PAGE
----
16:04, June 08 104 0

2018-06-08 16:04:06


Shops should post a sign letting you know LGBT people are welcome there?

Following the Supreme Court’s muddy ruling in the Masterpiece Cakeshop case, the Human Rights Campaign is promoting an effort for stores to let customers know–especially LGBT customers–that the shops welcome their business.

HRC highlighted the “Open to All” campaign with a full-page ad in USA Today, The group has a toolkit that includes social media suggestions and a map to track the volume of business participating in the campaign.

The effort isn’t exactly a new idea. Mike Pence, as governor of Indiana, signed  a religious liberty law that was a license to discriminate, local activists organized an “Open for Service” campaign in opposition, and businesses started posting signs in windows reading “This business serves everyone.” In many cities, a rainbow flag in the business window serves the same purpose.

Of course, for conservative Christians the use of a rainbow on the HRC sign sends a clear message that the business is gay friendly and may not welcome them. The prominent use of the HRC logo also makes a political statement. By contast, the Indiana symbol was studiedly neutral: a shop window with a heart in it.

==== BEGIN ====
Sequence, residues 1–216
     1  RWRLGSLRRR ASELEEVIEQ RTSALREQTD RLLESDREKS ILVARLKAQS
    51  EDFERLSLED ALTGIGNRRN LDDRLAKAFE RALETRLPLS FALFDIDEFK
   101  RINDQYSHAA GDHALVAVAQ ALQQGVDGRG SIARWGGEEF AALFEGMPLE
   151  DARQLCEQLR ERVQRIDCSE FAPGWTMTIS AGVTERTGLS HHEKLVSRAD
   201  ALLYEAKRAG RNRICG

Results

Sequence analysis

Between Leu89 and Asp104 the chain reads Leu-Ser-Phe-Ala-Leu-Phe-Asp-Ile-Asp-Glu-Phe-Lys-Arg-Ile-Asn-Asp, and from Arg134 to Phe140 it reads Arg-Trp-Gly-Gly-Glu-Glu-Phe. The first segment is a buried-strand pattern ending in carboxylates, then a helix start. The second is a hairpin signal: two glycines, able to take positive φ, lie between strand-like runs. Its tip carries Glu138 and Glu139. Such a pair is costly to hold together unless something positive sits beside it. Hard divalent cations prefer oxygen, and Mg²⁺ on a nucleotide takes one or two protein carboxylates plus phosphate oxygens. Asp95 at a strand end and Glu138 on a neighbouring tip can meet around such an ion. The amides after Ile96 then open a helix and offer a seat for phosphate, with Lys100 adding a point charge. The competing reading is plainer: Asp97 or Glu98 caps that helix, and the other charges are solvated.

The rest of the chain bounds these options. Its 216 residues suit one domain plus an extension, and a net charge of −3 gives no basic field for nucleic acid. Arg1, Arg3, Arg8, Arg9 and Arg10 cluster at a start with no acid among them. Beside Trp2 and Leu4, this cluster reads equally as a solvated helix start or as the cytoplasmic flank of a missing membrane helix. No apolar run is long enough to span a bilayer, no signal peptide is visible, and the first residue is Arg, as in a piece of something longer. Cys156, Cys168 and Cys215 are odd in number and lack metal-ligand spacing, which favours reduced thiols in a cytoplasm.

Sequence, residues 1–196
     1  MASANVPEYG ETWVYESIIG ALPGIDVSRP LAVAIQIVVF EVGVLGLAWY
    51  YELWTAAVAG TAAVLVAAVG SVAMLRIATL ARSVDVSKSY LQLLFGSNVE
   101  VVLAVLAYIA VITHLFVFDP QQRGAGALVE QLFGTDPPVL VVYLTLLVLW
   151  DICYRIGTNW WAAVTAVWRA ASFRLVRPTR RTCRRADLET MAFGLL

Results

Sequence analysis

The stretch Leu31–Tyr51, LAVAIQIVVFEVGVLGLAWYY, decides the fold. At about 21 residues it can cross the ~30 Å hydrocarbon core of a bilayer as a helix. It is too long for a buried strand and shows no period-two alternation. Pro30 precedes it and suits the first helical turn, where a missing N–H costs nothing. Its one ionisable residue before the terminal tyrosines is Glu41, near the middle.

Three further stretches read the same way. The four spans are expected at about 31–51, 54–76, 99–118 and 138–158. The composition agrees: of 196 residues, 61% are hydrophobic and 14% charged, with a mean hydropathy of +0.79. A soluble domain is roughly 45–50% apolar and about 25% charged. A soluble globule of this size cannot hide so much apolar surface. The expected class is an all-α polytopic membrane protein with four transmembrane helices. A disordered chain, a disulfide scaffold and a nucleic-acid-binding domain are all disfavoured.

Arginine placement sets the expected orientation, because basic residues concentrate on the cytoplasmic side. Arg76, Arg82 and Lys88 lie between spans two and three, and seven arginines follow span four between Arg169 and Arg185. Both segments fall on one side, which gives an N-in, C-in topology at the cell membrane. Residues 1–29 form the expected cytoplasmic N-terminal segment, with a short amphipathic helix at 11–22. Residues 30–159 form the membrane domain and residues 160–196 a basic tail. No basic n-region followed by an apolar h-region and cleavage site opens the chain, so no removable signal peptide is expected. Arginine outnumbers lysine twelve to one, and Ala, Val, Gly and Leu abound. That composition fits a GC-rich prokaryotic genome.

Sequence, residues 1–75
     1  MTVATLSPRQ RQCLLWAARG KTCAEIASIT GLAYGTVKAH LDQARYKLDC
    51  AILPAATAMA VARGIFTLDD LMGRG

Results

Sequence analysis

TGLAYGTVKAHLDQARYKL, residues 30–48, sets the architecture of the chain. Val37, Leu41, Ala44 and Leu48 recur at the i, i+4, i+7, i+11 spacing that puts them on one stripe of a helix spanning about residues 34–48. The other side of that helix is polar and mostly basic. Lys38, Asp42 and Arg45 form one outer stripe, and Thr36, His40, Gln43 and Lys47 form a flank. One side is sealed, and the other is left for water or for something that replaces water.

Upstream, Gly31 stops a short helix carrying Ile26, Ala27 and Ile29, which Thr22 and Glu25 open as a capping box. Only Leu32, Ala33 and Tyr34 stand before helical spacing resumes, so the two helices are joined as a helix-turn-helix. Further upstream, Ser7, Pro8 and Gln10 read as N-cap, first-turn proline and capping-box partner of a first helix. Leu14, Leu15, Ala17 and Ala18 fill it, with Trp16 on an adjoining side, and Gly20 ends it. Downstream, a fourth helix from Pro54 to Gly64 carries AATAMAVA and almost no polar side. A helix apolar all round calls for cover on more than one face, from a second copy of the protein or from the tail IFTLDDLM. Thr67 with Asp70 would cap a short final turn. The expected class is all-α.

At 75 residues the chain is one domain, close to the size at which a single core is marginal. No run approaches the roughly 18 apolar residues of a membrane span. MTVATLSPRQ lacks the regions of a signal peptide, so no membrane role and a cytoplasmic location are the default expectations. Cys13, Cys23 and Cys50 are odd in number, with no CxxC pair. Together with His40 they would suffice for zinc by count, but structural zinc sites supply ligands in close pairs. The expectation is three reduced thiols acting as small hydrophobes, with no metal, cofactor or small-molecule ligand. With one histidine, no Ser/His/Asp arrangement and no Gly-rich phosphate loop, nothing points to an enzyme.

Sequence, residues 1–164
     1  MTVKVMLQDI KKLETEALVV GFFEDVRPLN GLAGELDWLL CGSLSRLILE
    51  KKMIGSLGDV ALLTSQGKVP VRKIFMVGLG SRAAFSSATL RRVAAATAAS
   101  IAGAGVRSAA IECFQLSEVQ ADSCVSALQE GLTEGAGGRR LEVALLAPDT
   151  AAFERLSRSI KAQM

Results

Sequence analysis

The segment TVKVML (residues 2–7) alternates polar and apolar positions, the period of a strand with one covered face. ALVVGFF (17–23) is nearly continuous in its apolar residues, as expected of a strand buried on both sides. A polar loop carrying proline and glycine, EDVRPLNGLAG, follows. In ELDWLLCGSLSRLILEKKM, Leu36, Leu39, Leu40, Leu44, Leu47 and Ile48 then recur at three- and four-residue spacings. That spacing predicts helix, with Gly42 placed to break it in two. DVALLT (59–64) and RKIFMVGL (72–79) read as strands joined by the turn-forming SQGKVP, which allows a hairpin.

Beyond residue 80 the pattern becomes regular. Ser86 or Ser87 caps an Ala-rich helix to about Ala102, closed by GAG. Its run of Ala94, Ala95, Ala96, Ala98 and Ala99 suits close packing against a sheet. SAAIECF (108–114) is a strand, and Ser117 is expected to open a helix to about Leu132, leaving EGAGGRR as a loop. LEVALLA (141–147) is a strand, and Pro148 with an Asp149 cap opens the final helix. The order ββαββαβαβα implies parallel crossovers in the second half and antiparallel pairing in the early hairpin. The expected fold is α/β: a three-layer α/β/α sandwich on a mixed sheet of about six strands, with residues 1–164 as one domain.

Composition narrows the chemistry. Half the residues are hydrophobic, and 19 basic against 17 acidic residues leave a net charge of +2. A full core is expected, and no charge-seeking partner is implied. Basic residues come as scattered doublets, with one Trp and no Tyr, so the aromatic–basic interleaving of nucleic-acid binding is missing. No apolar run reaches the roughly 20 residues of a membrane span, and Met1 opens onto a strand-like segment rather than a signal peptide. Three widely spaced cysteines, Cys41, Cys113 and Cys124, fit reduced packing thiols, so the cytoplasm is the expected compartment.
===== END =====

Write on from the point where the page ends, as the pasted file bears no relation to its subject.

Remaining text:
Of course, HRC doesn’t pretend to be neutral when it comes to LGBT rights. The group is hardly alone in trying to make financial hay from the Supreme Court decision. Alliance Defending Freedom, the conservative Christian legal advocacy group that represented the baker in the case, is using the ruling to do the same. 

HRC is also using the effort to promote the Equality Act, a Congressional bill that would ban discrimination against LGBT people. Unfortunately, the legislation isn’t going anywhere in a Republican Congress.

Ultimately, it’s the Supreme Court that will have the final say on the matter, and the conservative justices there may have a very different idea of what being open to all means.

Random movies

  • The Long Good Friday (1980)  

    The Long Good Friday (1980)

    Harold, a prosperous English gangster, is about to close a lucrative new deal when bombs start showing up in very inconvenient places. A mysterious syndicate is trying to muscle in on his action, and Harold wants to know who they are. He finds out soon enough, and bloody mayhem ensues.